“In multiple instances, defendants have debited plaintiff’s and also the putative class members’ bank accounts extra funds on a recurring basis without obtaining a written authorization signed or similarly authenticated for preauthorized electronic fund transfers from plaintiff’s and also the putative class members’ accounts,” the complaint states.
Additionally, Moore claims that Sprint engaged in nefarious credit collection activities in an attempt to get more money from her.
Despite multiple overcharges of her account, Moore claims Sprint repeatedly contacted her, attempting to collect additional money from her, after she stopped the automatic withdrawals. According to the complaint, Sprint engaged in deceptive attempts to make her believe that she was behind on her payments through false representations of her debt.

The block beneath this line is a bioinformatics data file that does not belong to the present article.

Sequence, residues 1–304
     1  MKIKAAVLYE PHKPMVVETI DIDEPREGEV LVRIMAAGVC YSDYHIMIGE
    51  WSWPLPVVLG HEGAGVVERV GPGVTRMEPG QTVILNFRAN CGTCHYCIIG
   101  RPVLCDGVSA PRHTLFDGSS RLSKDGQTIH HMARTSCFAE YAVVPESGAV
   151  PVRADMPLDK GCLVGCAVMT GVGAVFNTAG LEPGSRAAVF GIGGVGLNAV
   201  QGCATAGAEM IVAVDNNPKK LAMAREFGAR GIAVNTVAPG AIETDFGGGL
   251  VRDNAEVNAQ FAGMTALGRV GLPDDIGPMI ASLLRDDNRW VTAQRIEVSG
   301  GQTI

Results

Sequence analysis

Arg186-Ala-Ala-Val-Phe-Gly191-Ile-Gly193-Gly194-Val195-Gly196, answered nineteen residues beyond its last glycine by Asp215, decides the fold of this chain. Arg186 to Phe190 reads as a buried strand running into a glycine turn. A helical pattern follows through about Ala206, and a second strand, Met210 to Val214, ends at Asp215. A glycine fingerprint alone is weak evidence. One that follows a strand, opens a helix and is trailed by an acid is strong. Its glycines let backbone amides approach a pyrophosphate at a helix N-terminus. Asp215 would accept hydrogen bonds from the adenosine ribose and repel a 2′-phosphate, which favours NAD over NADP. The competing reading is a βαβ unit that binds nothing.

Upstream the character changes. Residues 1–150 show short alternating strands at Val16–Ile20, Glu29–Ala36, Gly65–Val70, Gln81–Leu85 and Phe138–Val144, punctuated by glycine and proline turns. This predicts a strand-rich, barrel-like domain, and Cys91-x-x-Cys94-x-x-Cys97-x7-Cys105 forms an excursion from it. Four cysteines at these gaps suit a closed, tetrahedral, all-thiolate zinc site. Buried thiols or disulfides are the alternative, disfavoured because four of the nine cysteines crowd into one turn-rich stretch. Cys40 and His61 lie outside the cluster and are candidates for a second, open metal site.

According to the complaint, the practice of unauthorized overcharges was widespread, affecting “hundreds if not thousands” of Sprint customers.
The suit claims that Sprint is in violation of the Electronic Funds Transfer Act and Rosenthal Fair Debt Collection Practices Act. Moore is seeking class status for all consumers who have been subjected to unauthorized account withdrawals by the wireless provider between January of 2016 and January of 2017, estimating the number of customers who were victims of unauthorized withdrawals could be in the “hundreds if not thousands." The ultimate size of the putative class will be established through an examination of Sprint’s records, the complaint states.
Moore is seeking statutory damages of $1,000 per class member for each of the alleged violations of the Electronic Fund Transfer Act and RFDCPA, in addition to costs, reasonable attorneys’ fees and prejudgment interest via a jury trial.
The plaintiff is represented by Todd M. Friedman of the Law Offices of Todd M. Friedman. The case is Moore v. Sprint Communications, Inc., case number 1:17-cv-00188, in the U.S. District Court for the Central District of California.